Abbey Moore Blog Leg 1

CTD rosette that we used for our tutorial. Credit: A. Moore, University of Washington, V22.

August 10:

My roommate and I got up for another 4:00am shift today. Still not quite used to our schedules, but the ROPOS dive is always interesting enough to keep me alert. The current ROPOS dive’s purpose was to attach an extension cable into PN1B, and due to the precision required it turned into quite a long task. When we arrived at the hydro lab, ROPOS was already on the seafloor preparing to connect the extension cable to the port. We got there just in time for the excitement! As soon as the cable was plugged in and the crew got word that the systems were online, ROPOS began its ascent back to the vessel. On the way up, a curious red octopus ended up hitching a ride with ROPOS!

Sunset on the R/V Thompson Leg 1. Credit: A/ Moore, University of Washington, V22.

Around noon, the clouds finally let up, and we were able to see sun and blue skies. It was clear enough to see a faint silhouette from the mountains on shore! We went outside and on deck to receive a tutorial of the CTD rosette, which would be used later tonight to collect oxygen, salinity, and chlorophyll samples. I’m hoping I’ll be able to participate in a CTD cast during one of my shifts!

Afterwards, several students and I made our way up to the navigation room, where the vessel’s Captain gave us a tour of the navigation systems and told us how the ship is steered. He was very nice, and we learned a lot about the vessel! Afterwards, a few of us hung out around the bow and soaked in a bit of sun. We hope that the skies stay clear so we can see a sunset, and perhaps a starry night.

During our next shift, ROPOS had been launched to go to a Shallow Profiler platform interface assembly (PIA) and retrieve the PIA from the 200 m platform. We saw that the shallow profiler was home to many sea stars, as well as urchins, anemones. While the dive ended during our shift, two more dives with ROPOS needed to occur before we made our long transit to the Axial Base.

We went out to ROPOS after its dive and collected oxygen, carbon, salinity, and chlorophyll samples from the Niskins attached to the vehicle. While oxygen analyses can be done on ship, the other samples will be stored until they can be taken to a lab for analysis.

Once we were done with our shift, several students and I went out on the bow to watch the sun set. The water looked breathtaking, as the sun reflected gold onto the deep blue water. It was a relaxing way to end the day, looking out into the horizon and chatting with the other students. Once the sun set, I made my way back to my cabin to get a good night’s sleep. This day was extremely satisfying, and I can’t wait for the next.

The ROV ROPOS about the to enter the water at the Slope Base site with the tool basket latched to its underbelly. Credit: M. Elend, University of Washington, V22.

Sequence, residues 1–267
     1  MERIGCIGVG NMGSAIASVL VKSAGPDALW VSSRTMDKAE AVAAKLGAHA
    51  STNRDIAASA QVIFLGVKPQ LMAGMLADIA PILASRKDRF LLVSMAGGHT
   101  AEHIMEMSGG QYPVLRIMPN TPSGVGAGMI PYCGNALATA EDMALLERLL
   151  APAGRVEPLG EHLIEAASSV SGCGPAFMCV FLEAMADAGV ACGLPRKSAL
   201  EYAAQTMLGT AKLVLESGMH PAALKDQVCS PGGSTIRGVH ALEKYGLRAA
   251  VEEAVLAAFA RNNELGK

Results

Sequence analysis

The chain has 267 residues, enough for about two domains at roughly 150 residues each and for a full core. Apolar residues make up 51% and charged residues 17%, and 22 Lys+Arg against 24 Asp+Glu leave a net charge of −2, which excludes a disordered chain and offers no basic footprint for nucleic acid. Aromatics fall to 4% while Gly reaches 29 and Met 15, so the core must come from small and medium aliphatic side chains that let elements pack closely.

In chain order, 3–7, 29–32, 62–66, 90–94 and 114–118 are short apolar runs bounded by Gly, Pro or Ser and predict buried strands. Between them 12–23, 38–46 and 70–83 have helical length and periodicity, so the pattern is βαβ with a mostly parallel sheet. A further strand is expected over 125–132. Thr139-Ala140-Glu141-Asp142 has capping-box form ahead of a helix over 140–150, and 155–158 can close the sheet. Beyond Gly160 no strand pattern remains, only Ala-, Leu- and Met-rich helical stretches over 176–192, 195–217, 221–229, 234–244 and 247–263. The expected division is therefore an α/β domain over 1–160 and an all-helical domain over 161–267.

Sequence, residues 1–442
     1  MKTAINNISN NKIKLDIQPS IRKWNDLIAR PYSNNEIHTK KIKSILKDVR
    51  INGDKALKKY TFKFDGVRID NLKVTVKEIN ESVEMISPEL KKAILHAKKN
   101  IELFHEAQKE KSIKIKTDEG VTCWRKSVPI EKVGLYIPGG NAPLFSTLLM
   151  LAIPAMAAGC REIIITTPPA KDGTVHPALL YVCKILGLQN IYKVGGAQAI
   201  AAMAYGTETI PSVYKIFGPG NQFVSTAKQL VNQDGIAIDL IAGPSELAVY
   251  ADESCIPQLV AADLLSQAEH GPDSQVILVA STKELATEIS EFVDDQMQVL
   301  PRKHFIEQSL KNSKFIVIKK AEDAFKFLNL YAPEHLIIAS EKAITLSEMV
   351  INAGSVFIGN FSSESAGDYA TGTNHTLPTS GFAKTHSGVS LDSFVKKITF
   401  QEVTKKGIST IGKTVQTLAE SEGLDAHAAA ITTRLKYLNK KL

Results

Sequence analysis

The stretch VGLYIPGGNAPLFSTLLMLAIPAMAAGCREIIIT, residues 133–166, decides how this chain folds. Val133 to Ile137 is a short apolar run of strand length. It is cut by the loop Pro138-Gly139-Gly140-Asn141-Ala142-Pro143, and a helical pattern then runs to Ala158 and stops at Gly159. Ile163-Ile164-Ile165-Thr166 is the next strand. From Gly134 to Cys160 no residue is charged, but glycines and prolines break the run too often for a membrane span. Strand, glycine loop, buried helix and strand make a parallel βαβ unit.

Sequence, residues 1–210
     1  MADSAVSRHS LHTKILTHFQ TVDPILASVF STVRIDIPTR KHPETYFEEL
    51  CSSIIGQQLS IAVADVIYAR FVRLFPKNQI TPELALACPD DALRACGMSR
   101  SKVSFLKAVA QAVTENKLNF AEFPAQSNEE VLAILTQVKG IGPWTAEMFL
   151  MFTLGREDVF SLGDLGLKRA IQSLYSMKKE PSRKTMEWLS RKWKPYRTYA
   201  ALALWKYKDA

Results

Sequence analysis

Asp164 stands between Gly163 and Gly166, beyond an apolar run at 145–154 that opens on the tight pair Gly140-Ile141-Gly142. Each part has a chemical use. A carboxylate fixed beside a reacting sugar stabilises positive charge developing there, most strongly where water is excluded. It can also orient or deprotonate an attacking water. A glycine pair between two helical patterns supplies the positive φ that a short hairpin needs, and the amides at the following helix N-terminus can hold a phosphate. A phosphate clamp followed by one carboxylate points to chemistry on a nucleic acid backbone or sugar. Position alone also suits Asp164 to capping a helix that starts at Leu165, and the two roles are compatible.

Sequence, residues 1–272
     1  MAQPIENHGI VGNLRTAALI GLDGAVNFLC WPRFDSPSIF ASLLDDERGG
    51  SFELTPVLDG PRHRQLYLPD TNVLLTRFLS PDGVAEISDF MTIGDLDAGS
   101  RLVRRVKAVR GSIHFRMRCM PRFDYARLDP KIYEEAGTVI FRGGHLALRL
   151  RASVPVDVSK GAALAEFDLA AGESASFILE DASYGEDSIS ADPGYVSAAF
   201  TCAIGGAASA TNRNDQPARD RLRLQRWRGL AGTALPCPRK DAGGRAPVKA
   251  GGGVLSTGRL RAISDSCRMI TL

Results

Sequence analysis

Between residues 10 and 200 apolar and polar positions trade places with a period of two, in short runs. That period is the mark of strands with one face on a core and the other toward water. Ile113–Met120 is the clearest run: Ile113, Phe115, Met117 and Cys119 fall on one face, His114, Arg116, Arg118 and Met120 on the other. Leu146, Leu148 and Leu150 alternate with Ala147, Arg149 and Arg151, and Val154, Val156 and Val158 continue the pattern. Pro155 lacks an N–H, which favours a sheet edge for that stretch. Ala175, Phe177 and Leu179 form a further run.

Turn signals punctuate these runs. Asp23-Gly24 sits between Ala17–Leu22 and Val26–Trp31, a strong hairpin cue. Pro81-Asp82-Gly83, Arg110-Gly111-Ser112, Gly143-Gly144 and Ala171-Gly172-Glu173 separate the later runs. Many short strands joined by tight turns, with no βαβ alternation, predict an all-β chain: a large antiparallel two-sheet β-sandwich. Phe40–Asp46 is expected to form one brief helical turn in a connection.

August 9: I woke up about 3:30am for my morning shift. We went into the hydro  lab, where we saw ROPOS ascending from its first dive. While I was a bit sad that I was not able to see it land on the seafloor, it was still very exciting to see the vehicle come back up! Similar to the last shift I had, we logged events in real time using the cameras on the ROPOS and listening to the directions of the pilot. Soon ROPOS was back from its journey and secured on deck. After the dive was finished, a few of us went out to ROPOS to retrieve CTD samples for oxygen, salinity, and chlorophyll. We tried our best not to get too wet- it was still plenty cold outside! Once we got our samples, we secured them in the wet lab to analyze later.

After a quick breakfast and a little coffee, a few of us students went out on the bow together. The water was surprisingly calm, and we saw a whale spout from afar. The endless waves were so relaxing- I could sit and watch the water all day! We eventually came back to the main lab, where a few other students and I began to flesh out our project proposals and talk with the scientists about the type of data that will be available to us. Around 8:30am, I went back to my cabin to take a nap… I must admit, I’m still not quite used to waking up so early.

Around 10:00am I heard that we had arrived at PN1B, and that ROPOS would be getting prepared to dive soon. In the meantime, I had a delicious lunch and helped work on a 2000-piece jigsaw puzzle in the vessel’s library. I’m glad some crew members have the same love for puzzles as I do! We then joined the students in the hydro lab and saw the ROPOS footage as it landed on the seafloor, around -1200 m depth. This was the first time I was able to see the sea floor with ROPOS in-person! We saw sea stars, several types of fish, jellyfish, pom-pom anemone, crabs, and even an octopus that was given the name “Casper”. It was a delight to see how lively the bottom of the ocean could be!